Fatal Epidemics of the Bronze Age

October 25, 2016

Fatal epidemics in the Eastern Mediterranean have been going on since at least the start of the Bronze Age. However, the best evidence for big outbreaks is in 18th century and 14th century BC. After about 500 BC historians occasionally took the trouble to chronicle the fatal epidemics they experienced. However, due to a lack of historians […]

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Third Century Rome’s inflation crisis: ‘bad’ leaders or plague?

October 12, 2016

Is the massive inflation seen in the third century Roman Empire a result of reckless spending by megalomaniac emperors, plague or loss of faith? Take your pick. Is late Rome like the modern US? Probably not. There has been a general (though not universal) assumption in studies of the later Roman Empire that increasing militarisation […]

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The Late Bronze age: A ‘pleasant’ collapse?

June 25, 2016

I listened to ‘In Our Time’ the other day, as they discussed the Late Bronze Age Collapse in the Eastern Mediterranean. It was nice to hear about something so dear to my heart as they rambled through the usual stuff and some stuff I didn’t know. It was a shame that they didn’t spend a […]

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The Greek Early Neolithic: following the ophiolite trail west?

November 2, 2015

Does the peculiar tendency of the first farmers in Greece to settle near certain bands of ophiolitic rocks hint at the strange fascination Early Neolithic farmers had for copper. Farming first appeared in Greece in the first half of the seventh millennium BC, around the time of the discovery of pottery in Western Eurasia. Although […]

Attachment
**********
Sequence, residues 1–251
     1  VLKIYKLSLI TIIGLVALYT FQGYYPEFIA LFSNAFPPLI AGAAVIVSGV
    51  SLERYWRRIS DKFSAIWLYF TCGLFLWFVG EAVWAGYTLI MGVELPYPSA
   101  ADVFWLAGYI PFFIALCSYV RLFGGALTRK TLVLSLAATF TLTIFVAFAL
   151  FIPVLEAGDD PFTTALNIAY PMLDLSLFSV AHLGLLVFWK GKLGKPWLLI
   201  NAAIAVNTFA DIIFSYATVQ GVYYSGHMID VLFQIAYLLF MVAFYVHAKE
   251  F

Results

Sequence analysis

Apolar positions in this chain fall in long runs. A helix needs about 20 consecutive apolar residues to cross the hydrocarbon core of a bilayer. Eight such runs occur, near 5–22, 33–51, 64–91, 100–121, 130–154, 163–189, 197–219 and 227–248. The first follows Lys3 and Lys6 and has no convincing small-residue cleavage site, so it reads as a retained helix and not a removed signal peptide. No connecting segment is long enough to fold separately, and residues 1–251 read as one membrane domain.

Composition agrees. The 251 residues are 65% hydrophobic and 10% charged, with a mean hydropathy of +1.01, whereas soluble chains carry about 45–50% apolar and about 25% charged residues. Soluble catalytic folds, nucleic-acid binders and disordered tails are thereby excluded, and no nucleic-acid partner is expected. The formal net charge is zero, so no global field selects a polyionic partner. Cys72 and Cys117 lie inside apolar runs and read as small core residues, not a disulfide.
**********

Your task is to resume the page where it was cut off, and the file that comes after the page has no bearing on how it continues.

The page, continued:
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A primer on old-world metals before the Copper age (revised)

August 30, 2015

A discussion of copper, lead, gold and silver artefacts in the Old World, their origins and distribution from the Neolithic up to the time of the earliest smelting in the Chalcolithic or Copper age… and a discussion of where copper and lead smelting originated. (originally written mid 2010 – completely revised August 29th 2015) While […]

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Trying to date Avebury with the help of Stonehenge

December 4, 2013

This post gives me a chance to compare the radiocarbon dating of Avebury with the dating of Stonehenge and to see if Stonehenge’s new dates can help solve the dating mystery of Avebury. Stonehenge – current radiocarbon dating results So as far as anyone can tell, the ages of the stone circles and earthworks at Stonehenge are […]

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‘Plague’, language change and ‘dark ages’ – a general link?

November 1, 2013

Pandemics may have caused the collapse of the Roman Empire, the last European ‘dark age’ and the resulting changes of languages across North Africa, Europe and the Middle East. As wild speculation, could they have done the same in earlier dark ages? Recent work has been starting to fill in an old story about a […]

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Connecting China to Europe in the Bronze Age

November 1, 2013

How evidence of wheat, copper and broomcorn millet gives some clues to the first connections between West and East and the routes that were taken. A current best guess is for a steppe connection at the beginning of the third millennium BC and a ‘silk road’ connection at the end of the 3rd millennium. However, […]

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Water at Avebury

February 10, 2013

Was the water supply of Avebury as patchy in the Neolithic and Chalcolithic as it is now? It’s been a wet winter at Avebury. My recent attempts to visit Windmill Mill and West Kennet Long Barrow have resulted in wading through rivers where normally there’s no water at all. And it got me thinking maybe […]

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‘Why Nations Fail’ and the fate of Lele and Bushong

June 29, 2012

Acemoğlu and Robinson rightly argue in ‘Why Nations Fail’ that chance decisions by leaders play a big part in economic success, but using the Congo Basin’s Lele and Bushong as an example of this may be a mistake. One significant argument in Daron Acemoğlu and James Robinson’s fascinating and highly informative recent book ‘Why Nations Fail’ […]

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